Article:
Sinéad’s interests have always laid in public policy and social issues, and she has been actively involved in this area since college, where she was elected Vice-President for Welfare at the Queen’s University Students’ Union.

“In that role I worked on areas around mental health, consent and free period products,” Sinéad explains. “I have also worked for a charity supporting families in crisis and young people in long term unemployment.

“Some people can be confused as to how I went from these roles to accountancy, but I think we need advocates for mental health and consent in all types of professions.”

As a trainee accountant with the NI Audit Office, Sinéad has gained a deeper understanding of public policy issues and the financial aspects behind them. This not only sets her up to work in the area in future, but helps her feel like she’s making a positive difference.

“I couldn’t have imagined having the opportunity to work with such big clients this early in my career,” she says. “And yet my Chartered journey has given me the chance to audit one of the biggest government departments in Northern Ireland.

“In my time spent working on Covid-19 related business grants to help Northern Irish businesses recover from the pandemic, I know I contributed to ensuring public money was spent properly.”

She has also been able to continue her advocacy for wellbeing and mental health by taking on the role of health champion within her workplace, helping to develop a campaign of wellbeing events and a wellbeing policy.

Working and focusing on studies at the same time can be a daunting task, but for Sinéad it is worth the extra effort. “It can be difficult to combine the two, and I think compartmentalising is key. If you’re working from home, you should try work [in one place] and study somewhere else to aid with the separation.”

Studying with the Institute has not only given Sinéad knowledge and experience, but it has given her increased confidence to go out and try to make a difference in the areas she is most passionate about.

In addition, Sinéad feels that earning the ACA qualification with Chartered Accountants Ireland will help her stand out to potential employers in the future.

“At a time when more and more people are going to university, it’s increasingly hard to set yourself apart and it feels like everyone has a bachelor’s degree,” she says. “Chartered Accountants Ireland gave me the opportunity to achieve an internationally recognised qualification without taking on more student loans.

“In a competitive job market, it helps set you apart.”

Diana Carvalho earned her ACA qualification in 2021 while working with FPM in Northern Ireland and has already seen major career benefits, being promoted to manager within six months of completing the programme.

“Once qualified, a Chartered Accountant can work in almost any industry or working environment,” says Diana. “Currently, there is a huge demand for accountants in the job market as they are called to play an important role in every organisation, making this a great career for anyone who wants to work in a pivotal position.

“I believe that the qualification offers security, because accountancy skills are and will always be required, even, or perhaps I should say especially, during economic downturns. In fact, I have seen it first-hand during the pandemic, and can confidently say that I have helped many clients during the very challenging Covid times, who without our support could have either failed, or severely struggled.”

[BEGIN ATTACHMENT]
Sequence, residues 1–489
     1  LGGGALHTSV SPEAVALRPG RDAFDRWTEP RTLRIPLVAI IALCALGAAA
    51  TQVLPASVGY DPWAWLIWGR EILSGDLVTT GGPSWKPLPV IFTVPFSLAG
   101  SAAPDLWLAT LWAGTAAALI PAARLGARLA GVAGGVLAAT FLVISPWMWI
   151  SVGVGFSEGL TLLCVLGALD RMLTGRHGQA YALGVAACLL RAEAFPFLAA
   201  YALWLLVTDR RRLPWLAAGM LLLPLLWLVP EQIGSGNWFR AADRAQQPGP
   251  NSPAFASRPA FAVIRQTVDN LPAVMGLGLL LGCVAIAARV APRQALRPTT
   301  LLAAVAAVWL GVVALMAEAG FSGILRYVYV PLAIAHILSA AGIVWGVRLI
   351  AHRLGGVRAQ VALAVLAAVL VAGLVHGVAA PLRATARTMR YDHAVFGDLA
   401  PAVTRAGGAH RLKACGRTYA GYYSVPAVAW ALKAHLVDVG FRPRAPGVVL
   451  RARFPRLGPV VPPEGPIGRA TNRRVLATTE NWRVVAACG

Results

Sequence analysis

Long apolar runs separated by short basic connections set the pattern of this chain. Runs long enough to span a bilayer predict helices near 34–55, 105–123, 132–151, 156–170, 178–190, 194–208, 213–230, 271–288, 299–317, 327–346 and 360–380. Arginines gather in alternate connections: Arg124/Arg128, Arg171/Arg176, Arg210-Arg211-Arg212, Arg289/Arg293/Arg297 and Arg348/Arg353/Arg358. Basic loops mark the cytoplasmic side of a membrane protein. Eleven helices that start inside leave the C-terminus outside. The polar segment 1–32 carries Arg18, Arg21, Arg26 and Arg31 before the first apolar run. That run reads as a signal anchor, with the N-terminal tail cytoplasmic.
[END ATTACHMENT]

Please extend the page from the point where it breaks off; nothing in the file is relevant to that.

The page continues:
Although accountancy wasn’t originally part of Diana’s plan for her career, in fact she studied communications and media in college, but when the Portuguese native moved to Northern Ireland as part of an exchange programme, she found herself working in an accountancy firm and saw the appeal of becoming a Chartered Accountant first-hand.

“To qualify as a professional accountant, I had two options: the Flexible Route, and the Training Contract pathways,” she explains. “I chose the Training Contract pathway because it would provide me everything I needed to qualify – a full-time trainee role, a competitive salary, paid study leave and course fees, and access to a mentor to support my training and sign off my work experience whenever it needed to be reviewed and submitted via the CA Diary.

“I thought that a Training Contract would help me qualify faster, and indeed, I fully qualified within the expected four years, which is below the average for students of other accountancy bodies. I have been working for the same firm ever since in the Accounts and Tax department and I am very lucky to have been very happy in my role for the past five years.”

Another part of the appeal of accountancy for Diana was its flexibility as a career – the skills acquired as a Chartered Accountant are applicable in all kinds of industries across the globe.

“Accountancy is a very flexible career choice, given that every organisation needs accountants,” she says. “I have a variety of roles to choose from within accounting. Although my speciality is Taxation, there’s the chance for lateral career moves, to experience a lot of different types of related roles, such as cost accounting, internal auditing, forensic accounting, financial reporting, and consulting.

“I have been in the same workplace for five years, but I am aware that if I ever wanted to move, I would have the opportunity to work in pretty much any industry, anywhere, with the skills and experience that I gained.

“One day I could choose to work directly for a company that I am passionate about, or perhaps I’ll work as an accountant for a brand or a cause that I love.”

If you want to make a difference and take your career to the next level, Chartered Accountants Ireland might be for you. To sign up or find more information, visit their website at charteredaccountants.ie or register here to attend a Virtual Open Day.

The closing date for applications is September 12, 2022.

Fri, 05 Aug 2022 03:30:00 -0500 en text/html https://www.belfastlive.co.uk/business/it-helps-set-you-apart-24668083